One former officer was charged in an FBI-led corruption investigation of the department. Michael Roberts was convicted in 2009 and sentenced to a year in federal prison for public corruption and tax evasion.

Before joining the force, Jindra held a string of jobs and later enlisted in the Minnesota Army National Guard, spending time deployed overseas. He was hired by Minneapolis police in 2013, coming up through the community service officer program, and went on to earn numerous commendations for his police work, including once being named Fifth Precinct Officer of the Month after helping disarm a knife-wielding attacker, according to personnel records.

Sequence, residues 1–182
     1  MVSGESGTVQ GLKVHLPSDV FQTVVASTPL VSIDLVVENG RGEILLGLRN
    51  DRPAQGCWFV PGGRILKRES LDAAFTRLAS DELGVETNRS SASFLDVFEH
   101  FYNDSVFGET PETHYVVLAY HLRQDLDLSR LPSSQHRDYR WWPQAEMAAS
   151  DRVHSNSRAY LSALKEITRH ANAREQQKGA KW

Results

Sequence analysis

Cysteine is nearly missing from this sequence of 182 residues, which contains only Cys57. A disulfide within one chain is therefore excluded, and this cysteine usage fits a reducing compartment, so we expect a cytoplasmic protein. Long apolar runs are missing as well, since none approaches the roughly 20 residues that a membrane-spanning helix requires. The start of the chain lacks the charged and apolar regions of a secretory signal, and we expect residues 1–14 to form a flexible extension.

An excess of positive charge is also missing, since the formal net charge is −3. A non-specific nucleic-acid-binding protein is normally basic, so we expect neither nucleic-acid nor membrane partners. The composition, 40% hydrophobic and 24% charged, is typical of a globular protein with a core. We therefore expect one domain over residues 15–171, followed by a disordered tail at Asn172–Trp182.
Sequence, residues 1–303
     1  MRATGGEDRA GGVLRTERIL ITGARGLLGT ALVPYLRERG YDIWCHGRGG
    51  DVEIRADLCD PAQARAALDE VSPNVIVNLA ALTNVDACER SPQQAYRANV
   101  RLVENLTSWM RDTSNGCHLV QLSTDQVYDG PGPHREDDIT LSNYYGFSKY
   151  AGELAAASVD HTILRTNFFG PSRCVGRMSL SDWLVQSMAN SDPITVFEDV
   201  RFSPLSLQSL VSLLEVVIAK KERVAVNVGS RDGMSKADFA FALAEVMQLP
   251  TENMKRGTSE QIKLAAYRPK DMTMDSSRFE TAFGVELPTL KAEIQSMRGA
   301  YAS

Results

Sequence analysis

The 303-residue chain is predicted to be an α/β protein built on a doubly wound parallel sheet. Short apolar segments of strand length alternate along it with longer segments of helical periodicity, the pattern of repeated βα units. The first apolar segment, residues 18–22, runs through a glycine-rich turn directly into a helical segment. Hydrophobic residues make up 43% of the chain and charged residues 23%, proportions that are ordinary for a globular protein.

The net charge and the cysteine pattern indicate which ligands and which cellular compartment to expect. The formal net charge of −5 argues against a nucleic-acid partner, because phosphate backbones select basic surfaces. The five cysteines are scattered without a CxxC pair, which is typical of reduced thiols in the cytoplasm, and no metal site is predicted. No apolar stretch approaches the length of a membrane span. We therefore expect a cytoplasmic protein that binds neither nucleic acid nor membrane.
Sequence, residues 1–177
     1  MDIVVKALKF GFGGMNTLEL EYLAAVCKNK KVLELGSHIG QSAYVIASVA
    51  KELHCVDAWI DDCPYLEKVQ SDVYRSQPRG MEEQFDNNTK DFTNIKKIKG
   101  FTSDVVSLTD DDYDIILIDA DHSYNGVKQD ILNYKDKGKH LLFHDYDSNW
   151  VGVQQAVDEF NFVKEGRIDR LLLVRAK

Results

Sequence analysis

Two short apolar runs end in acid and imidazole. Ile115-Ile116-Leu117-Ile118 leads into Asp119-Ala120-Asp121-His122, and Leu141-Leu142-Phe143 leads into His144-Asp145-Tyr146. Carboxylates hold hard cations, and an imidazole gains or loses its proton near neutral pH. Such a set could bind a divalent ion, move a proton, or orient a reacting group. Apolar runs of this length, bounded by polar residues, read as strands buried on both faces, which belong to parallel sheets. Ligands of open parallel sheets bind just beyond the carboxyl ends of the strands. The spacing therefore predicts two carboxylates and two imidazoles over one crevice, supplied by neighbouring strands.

He has also been the subject of 15 complaints, one of which resulted in him receiving a letter of reprimand, according to the records, parts of which were redacted: eight of the complaints remain open, while the rest were closed without discipline.

Retired Minneapolis police lieutenant Michael Sauro said that Jindra earned the respect of colleagues as a hardworking, aggressive officer who always showed a willingness to take on tough assignments.

“He just got caught in the political winds — he’s doing police work like it’s the 1990s instead of the 2020s,” Sauro said.

Jindra comes from a police family. His brother is a Brooklyn Park police officer, and his father, Jeff Jindra, retired from the Minneapolis Police Department in 2015 after a long career in which he received numerous awards.

The elder Jindra also had his own history of misconduct allegations. In one case, he and a fellow officer were later cleared of criminal wrong­doing by federal authorities.